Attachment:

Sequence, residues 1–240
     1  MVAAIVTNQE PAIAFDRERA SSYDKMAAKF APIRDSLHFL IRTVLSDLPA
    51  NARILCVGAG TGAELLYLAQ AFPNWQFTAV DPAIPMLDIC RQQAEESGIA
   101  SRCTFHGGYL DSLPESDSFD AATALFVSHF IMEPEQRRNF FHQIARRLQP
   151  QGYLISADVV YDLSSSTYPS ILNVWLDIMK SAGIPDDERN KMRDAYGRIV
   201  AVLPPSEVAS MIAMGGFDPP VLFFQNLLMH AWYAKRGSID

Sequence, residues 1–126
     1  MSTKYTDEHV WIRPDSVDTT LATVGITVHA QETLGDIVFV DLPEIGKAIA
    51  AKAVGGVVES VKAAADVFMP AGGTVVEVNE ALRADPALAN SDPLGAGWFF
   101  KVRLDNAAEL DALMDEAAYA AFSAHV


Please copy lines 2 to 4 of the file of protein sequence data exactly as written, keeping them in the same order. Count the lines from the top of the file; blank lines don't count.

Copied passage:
     1  MVAAIVTNQE PAIAFDRERA SSYDKMAAKF APIRDSLHFL IRTVLSDLPA
    51  NARILCVGAG TGAELLYLAQ AFPNWQFTAV DPAIPMLDIC RQQAEESGIA
   101  SRCTFHGGYL DSLPESDSFD AATALFVSHF IMEPEQRRNF FHQIARRLQP